The combination of the dynamic start and layback enabled the lifter to drive the weight more easily through the sticking point. It was also a difficult technique to master, and the result is that the weightlifters who had tremendous upper body strength lost much of their advantage. It also led to more record breaking over the years.
In 1936 the 300-pound barrier was broken in the press by German heavyweight Sepp Manger, and 19 years later Paul Anderson exceeded the 400-pound mark, a remarkable lift, as it surpassed the world record held by Canada’s Doug Hepburn by 22 pounds. Anderson broke the record twice more, finishing his career with 408.5, and then Russia’s Yury Vlasov took over in 1962 with a new standard of 410. But just 10 years later, after changes in judging criteria, the great Vasily Alexeev bumped the record to 521. That represents an increase of 111 pounds, compared to an increase of just 55 pounds in the clean and jerk during that time period. Likewise, the 198-pound press record was 351.5 pounds in 1962 by Russia’s Vasily Stepanovs, but 10 years later his comrade David Rigert kicked that up 85 pounds with a best of 436.5 pounds – and this compared to a 39.5-pound increase in the clean and jerk.
Stop the Presses!
The Olympic press was eliminated from competition in 1972 for several reasons, one possibly being the tremendous stress the lift put on the lower back. One of the most common complaints among lifters was not injury to the shoulder or knee, but lower back pain (one former US champion described the sensation of doing a press as having a little man jump up and down on his fifth lumbar vertebra). However, I should note that the late Dr. Mel Siff examined the research in this area, and found that the major cause of back pain appeared to be from rising out of the clean, not from pressing.
Another possible reason for the elimination of the press was time. In the days of the press, athletes were allowed two minutes’ rest between attempts – three minutes if a lifter was following himself. With three lifts, and three attempts allowed for each lift, the competitions often finished late in the day. And it was quite an ordeal. At the 1972 Olympics, over the span of several hours Vasily Alexeev pressed 518 pounds, then snatched 385, and finished with a clean and jerk of 507. Can you imagine having to clean a maximum weight, then having to come back perhaps two hours later and do it all over again?
But the number-one issue with the press was the difficulty in judging it, which led to many accusations about political shenanigans among referees. During the 1972 Olympics, US middleweight Russ Knipp pressed a world record, one that would have lived forever in the record books, but it was turned down due to Knipp’s apparent use of a knee kick. And I should note that the motion to eliminate the press was also brought up after the 1964 and 1968 Olympics.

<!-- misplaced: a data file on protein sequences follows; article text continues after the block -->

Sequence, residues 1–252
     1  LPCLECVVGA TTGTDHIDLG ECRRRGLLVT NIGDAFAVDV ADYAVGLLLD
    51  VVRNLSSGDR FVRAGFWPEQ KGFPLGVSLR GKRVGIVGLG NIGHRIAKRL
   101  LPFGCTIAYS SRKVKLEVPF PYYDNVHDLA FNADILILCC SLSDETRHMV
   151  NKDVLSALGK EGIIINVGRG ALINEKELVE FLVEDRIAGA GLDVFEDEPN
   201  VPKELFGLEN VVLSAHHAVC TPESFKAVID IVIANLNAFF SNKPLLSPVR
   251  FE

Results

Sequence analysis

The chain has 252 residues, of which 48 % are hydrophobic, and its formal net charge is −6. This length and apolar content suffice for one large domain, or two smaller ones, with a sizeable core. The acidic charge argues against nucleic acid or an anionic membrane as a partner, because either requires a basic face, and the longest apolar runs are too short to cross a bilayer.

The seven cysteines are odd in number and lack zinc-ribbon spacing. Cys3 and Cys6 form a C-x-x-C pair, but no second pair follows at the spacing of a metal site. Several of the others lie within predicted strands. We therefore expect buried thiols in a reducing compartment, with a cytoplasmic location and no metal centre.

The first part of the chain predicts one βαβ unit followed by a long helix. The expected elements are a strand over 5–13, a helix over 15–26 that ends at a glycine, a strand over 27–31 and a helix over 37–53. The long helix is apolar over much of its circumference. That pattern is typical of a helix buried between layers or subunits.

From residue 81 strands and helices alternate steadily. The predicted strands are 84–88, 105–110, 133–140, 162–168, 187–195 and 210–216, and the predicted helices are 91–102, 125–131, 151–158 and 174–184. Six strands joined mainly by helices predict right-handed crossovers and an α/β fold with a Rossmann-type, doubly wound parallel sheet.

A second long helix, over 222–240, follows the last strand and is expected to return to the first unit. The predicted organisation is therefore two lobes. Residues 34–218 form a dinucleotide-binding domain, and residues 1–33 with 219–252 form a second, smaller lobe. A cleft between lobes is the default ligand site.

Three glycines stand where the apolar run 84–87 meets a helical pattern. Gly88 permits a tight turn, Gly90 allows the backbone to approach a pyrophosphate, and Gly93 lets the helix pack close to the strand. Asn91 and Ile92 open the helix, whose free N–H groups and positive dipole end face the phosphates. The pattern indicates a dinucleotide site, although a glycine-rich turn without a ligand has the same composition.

With the press eliminated, the popularity of the sport of weightlifting declined and moved on to powerlifting and even bodybuilding and strongman. During the ’70s the popularity of Arnold Schwarzenegger boosted those pursuits, and it is not surprising that the US saw a gradual decrease in interest in weightlifting. In fact, at the time of this writing, the US’s performance in weightlifting has decreased to the point that we have not earned a high enough status in the sport to qualify a single man in the 2012 Olympics.
Getting back to my point about presses being potentially bad for weightlifting, this is true – especially if they are overworked. Although you would think that presses would help lifters, they can hurt them because of the timing. With the press the upper body will be tense at the start, and tensing the shoulders reduces the amount of tension that can be produced by the legs. In fact, historically many of the best jerkers have been terrible pressers – one of my colleagues jerked 335 off the racks, but the same day got pinned with a 205-pound bench press! This same phenomenon applied to throwers.
In the ’70s and ’80s, one of the most noticeable differences between the European throwers and their US counterparts was in upper body hypertrophy. Whereas many US throwers displayed tremendous upper body development, the Europeans had relatively smaller upper bodies with more of a “Christmas tree” type of shape.
Rare video footage of Tommy Kono and Paul Anderson pressing. In this competition, Anderson became the first man to Olympic press 400 pounds.